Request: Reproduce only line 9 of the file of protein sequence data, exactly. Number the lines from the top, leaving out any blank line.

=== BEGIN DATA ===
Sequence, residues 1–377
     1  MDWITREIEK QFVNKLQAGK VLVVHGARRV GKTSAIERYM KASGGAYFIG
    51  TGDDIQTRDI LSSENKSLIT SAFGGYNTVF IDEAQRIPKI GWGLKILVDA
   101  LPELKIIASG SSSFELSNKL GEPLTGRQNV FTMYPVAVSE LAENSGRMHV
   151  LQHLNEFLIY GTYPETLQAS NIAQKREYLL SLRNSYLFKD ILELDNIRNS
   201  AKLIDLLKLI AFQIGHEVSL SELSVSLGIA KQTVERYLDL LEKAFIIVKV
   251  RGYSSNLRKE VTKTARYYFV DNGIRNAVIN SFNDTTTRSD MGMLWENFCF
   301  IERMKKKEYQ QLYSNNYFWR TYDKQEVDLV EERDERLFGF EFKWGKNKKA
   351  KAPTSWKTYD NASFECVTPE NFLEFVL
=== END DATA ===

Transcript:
   351  KAPTSWKTYD NASFECVTPE NFLEFVL